• The Great Big Animal Book (1952)
  • Little Golden Mother Goose (Golden Press, 1957)
  • The Outside Cat (Morrow, 1957)
  • Animals on the Farm (Knopf, 1962, 1967)
  • Animals in the Zoo (1962)
  • The Dog and Cat Book (Golden Pleasure Books, 1963)
  • An Alphabet of Many Things (Golden Press, 1970)
  • The Tall Book of Mother Goose (Harper and Brothers, 1942)
As Illustrator
  • Flash: The Story of a Horse, a Coach-Dog and the Gypsies, written by Esther Averill (Domino Press, 1934)
  • Bourru, the Brown Bear, Written by Rose Fyleman and Lida (George Allen & Unwin, 1936)
  • Fluff, the Little Wild Rabbit, written by Lida, translated by Georges Duplaix (Harper & Brothers, 1937)
  • The Children’s Year, written by Y. Lacôte (Harper & Brothers, 1937)
  • Adventures of Dudley and Gilderoy, written by Algernon Blackwood and Marion B. Cothren (EP Dutton & Co, 1941)
  • Cuckoo, written by Lida (Harper & Brothers, 1942)
  • How the Camel Got His Hump, written by Rudyard Kipling (Garden City Publishing Co., 1942)
  • How the Leopard Got His Spots, written by Rudyard Kipling (Garden City Publishing Co., 1942)
  • How the Rhinoceros Got His Skin, written by Rudyard Kipling (Garden City Publishing Co., 1942)
  • The Cat That Walked by Himself, written by Rudyard Kipling (Garden City Publishing Co., 1942)
  • The Elephant’s Child, written by Rudyard Kipling (Garden City Publishing Co., 1942), Junior Literary Guild Award
  • The Golden Book of Birds, written by Hazel Lockwood (Simon & Schuster, 1943)
  • Animal Stories, written by Georges Duplaix (Simon & Schuster, 1944)
  • Cortez the Conqueror, written by Covelle Newcomb (Random House, 1947)
  • The Butterfly that Stamped, written by Rudyard Kipling (Garden City Publishing Co., 1947)
  • Big Farmer Big and Little Farmer Little, written by Byron and Kathryn Jackson (Simon & Schuster, 1948)
  • Gaston and Josephine, written by Georges Duplaix (Simon and Schuster, 1948)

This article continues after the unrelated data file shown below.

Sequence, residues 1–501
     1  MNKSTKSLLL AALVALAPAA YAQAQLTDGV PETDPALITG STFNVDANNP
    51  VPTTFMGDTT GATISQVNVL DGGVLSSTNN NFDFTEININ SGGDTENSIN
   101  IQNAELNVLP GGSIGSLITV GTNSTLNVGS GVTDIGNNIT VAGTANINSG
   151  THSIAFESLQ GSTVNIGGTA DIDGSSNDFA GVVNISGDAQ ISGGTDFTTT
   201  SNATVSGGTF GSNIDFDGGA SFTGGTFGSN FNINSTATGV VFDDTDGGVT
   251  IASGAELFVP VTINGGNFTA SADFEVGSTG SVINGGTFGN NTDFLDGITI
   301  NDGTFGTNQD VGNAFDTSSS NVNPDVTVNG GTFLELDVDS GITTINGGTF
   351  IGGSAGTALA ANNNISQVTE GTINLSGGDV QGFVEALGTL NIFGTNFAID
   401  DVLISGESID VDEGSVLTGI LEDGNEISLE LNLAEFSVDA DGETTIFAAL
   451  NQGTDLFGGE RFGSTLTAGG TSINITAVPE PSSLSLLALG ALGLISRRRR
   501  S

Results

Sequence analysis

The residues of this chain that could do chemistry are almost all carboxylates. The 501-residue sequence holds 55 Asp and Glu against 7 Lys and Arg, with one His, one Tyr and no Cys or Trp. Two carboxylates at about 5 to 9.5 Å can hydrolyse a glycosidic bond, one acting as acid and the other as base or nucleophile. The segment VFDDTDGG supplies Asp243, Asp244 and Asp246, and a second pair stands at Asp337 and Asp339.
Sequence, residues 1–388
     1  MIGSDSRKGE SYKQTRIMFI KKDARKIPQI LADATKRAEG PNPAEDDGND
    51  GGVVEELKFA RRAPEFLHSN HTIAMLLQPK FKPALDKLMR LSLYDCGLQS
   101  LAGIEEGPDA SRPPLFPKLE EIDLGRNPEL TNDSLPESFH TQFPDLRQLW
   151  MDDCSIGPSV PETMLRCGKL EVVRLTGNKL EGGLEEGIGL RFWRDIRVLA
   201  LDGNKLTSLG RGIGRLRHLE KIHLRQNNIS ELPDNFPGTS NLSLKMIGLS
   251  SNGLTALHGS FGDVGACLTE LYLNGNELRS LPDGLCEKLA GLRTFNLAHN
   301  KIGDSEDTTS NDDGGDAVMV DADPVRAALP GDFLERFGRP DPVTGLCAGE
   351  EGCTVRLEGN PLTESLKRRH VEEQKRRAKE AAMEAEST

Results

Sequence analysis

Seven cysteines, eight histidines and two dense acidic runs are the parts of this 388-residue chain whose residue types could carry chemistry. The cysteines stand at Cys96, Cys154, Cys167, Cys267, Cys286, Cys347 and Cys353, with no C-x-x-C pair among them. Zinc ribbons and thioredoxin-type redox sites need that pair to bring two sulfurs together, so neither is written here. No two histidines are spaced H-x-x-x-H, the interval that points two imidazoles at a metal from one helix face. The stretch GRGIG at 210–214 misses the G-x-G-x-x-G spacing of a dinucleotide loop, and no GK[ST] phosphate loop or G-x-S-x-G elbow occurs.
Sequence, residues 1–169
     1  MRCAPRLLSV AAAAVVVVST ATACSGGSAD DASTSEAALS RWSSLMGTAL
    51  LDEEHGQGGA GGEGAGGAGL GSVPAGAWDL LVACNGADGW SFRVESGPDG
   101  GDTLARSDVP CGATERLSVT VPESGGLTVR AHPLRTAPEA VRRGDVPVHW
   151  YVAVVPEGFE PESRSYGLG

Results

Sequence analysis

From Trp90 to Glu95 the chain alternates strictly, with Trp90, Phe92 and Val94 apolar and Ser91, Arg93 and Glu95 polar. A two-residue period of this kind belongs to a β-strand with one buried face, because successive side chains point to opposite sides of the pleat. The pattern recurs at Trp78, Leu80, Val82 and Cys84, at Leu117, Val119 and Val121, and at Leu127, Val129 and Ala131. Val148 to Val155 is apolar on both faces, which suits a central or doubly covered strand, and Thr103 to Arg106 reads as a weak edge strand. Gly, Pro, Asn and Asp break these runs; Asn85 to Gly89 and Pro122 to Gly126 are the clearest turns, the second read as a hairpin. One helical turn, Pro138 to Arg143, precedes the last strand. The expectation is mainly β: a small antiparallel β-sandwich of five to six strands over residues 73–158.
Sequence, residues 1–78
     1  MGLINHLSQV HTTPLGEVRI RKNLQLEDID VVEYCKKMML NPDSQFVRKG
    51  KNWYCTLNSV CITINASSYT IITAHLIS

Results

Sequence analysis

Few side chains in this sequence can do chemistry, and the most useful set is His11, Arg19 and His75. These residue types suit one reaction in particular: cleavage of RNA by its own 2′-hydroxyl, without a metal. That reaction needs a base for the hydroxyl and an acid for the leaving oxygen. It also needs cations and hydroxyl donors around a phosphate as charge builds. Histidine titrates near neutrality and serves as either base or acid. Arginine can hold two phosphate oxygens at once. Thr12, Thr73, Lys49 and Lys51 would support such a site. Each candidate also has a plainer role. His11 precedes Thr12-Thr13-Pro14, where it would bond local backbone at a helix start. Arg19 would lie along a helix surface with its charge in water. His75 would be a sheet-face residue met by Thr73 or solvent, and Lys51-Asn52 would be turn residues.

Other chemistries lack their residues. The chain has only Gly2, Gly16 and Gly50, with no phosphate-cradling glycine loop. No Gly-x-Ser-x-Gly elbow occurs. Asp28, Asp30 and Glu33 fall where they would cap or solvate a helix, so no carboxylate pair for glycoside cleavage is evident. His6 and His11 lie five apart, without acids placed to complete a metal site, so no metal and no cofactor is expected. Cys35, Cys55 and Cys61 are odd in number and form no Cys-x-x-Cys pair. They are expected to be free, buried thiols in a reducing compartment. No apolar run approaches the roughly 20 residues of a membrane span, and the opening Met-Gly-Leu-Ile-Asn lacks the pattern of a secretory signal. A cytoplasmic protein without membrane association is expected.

• Our Puppy, written by Elsa Ruth Nast (Simon & Schuster, 1948)
  • The Big Elephant, written by Kathryn Jackson (Golden Book, 1949)
  • All Alone, written by Claire Huchet Bishop (Viking Press, 1953), Newbery Honor Book
  • The Giant Golden Book of Cat Stories, written by Elizabeth Coatsworth (Simon & Schuster, 1953)
  • The Giant Golden Book of Dog Stories, written by Elizabeth Coatsworth (Simon & Schuster, 1953)
  • Horse Stories, written by Kate Barnes and Elizabeth Coatsworth (Simon & Schuster, 1954)
  • Frog Went A-Courtin’, written by John Langstaff (1955)
  • I Play at the Beach, written by Dorothy Koch (Holiday House, 1955)
  • Balboa, Swordsman an d Conquistador, written by Felix Riesenberg, Jr. (Random House, 1956)
  • Cartier Sails the St. Lawrence, written by Esther Averill (Harper & Row, 1956)
  • I Like the City, written by James L. Mursell (Silver Burdett Company, 1956)
  • I Like the Country, written by James L. Mursell (Silver Burdett Company, 1956)
  • Over in the Meadow, written by John Langstaff (Harcourt, Brace and Company, 1957)
  • The Giant Golden Book of Dogs, Cats and Horses, written by Kate Barnes and Elizabeth Coatsworth (Simon & Schuster, 1957)
  • The White Bunny and His Magic Nose, written by Lily Duplaix (Golden Press, 1957)
  • Baby Wild Animals, written by John Wallace Purcell (Simon & Schuster, 1958)
  • The Cabin Faced West, written by Jean Fritz (Puffin Books, 1958)
  • The Little River, written by Ann Rand (Harcourt, Brace and Company, 1959)
  • Animal Dictionary, written by Jane Werner Watson (Golden Press, 1960)
  • The Defender, written by Nicholas Kalashnikoff (Oxford University Press, 1961), Newbery Honor Book
  • The Whilry Bird, written by Dimitry Varley (Knopf, 1961)
  • Cricket in a Thicket, written by Aileen Fisher (Scribner, 1963)
  • I Can Count, written by Carl Memling (Merrigold Press, 1963)
  • The Cow Went Over the Mountain, written by Jeanette Krinsley (Golden Press, 1963)
  • Hop, Little Kangaroo, written by Patricia Scarry (Golden Press, 1965)
  • Christmas Bear, written by Marie Colmont, translated by Constance Hirsch (Golden Press, 1966)
  • I Am a Fox, written by Ole Risom (Golden Press, 1967)
  • A Crowd of Cows, written by John Graham (Harcourt, Brace and World, 1968)
  • The Falcon Under the Hat: Russian Merry Tales and Fairy Tales, selected and translated by Guy Daniels (Funk & Wagnalls, 1969)
  • To Make a Duck Happy, written by Carol E. Lester (Harper & Row, 1969)
  • The Giant Golden Bible, written by Elsa Jane Werner (Simon & Schuster, 1946)
Feodor Rojankovsky